I support Bird’s argument in which the audience has become produsers rather then just consumers. For example, there are multiple social media sites, as well as sites that allow you to share photos, videos, and interests (DIY), which are very easy to access. These websites allow you to communicate, discuss, create, and share your own ideas on the web with millions of other people. A good example of this is YouTube channels, which allows you to create your own channel and post your own videos. Also, most of these websites allow you to link your content across all of your social media platforms. For example, your Instagram or Twitter allows you to publish your photos or tweets onto Facebook. Also, on Facebook you are capable of sharing different links that contain articles, videos, or photos from other websites.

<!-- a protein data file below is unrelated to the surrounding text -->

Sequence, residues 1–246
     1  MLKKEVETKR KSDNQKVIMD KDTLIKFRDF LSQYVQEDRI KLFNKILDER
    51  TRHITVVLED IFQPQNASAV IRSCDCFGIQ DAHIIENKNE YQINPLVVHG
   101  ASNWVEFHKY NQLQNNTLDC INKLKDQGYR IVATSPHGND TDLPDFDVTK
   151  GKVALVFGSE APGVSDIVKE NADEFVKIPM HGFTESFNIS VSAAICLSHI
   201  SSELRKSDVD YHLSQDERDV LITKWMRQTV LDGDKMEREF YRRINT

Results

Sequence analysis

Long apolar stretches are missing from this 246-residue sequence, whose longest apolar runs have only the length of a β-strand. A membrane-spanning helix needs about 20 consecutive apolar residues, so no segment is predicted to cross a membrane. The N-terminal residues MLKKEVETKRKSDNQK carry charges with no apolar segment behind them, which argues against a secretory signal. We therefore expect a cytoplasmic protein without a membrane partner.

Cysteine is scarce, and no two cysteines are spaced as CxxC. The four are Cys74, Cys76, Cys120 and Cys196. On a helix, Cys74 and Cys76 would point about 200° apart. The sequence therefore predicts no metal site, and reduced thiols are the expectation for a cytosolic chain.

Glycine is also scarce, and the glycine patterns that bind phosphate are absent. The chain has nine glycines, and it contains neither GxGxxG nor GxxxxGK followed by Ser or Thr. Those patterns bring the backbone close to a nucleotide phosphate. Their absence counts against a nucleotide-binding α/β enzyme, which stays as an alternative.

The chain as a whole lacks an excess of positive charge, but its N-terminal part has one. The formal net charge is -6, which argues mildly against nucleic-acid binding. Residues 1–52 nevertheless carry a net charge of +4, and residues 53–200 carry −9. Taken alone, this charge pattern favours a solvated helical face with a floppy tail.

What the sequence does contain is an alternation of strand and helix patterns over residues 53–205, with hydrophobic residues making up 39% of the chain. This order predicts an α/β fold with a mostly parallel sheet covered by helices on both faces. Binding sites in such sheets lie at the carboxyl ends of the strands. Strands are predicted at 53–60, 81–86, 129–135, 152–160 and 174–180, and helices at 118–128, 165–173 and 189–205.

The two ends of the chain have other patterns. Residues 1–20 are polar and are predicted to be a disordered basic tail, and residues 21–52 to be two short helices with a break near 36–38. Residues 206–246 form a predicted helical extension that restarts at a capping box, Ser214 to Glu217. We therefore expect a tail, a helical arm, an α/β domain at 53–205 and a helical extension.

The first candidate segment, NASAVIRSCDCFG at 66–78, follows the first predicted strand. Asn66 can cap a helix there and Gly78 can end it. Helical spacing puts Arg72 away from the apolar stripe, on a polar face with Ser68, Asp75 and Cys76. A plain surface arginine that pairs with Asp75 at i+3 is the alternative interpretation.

Although, the power of media is slowly shifting into our hands, we are still very limited. Big media companies own majority of the platforms that we use in our daily lives, which still allows them to have some control over there functions. For example, Twitter allows you to write only 140 characters each tweet and Instagram only has a like button instead of a love, like, or dislike. I have seen people say they wish they could like the picture more than once! Also, if something were to be published in the paper or on the Internet that the upper elite did not agree with they have the power to take it down immediately. In most cases, this would only happen if the story or video affects the bourgeoisie in a negative way. Another good example, is the ‘terms of service’ or ‘copyright’ policies, which gives companies property of what is posted or the ability to unable anyone from making money off of them. By participating in all these social media platforms and posting content it is giving the media companies what they want, which is more and more users spending more time on their networks. In that case, if they give us a little bit of leeway we will accept and continue to use their products. Over all, we are still only are the audience, but today we just have more freedom.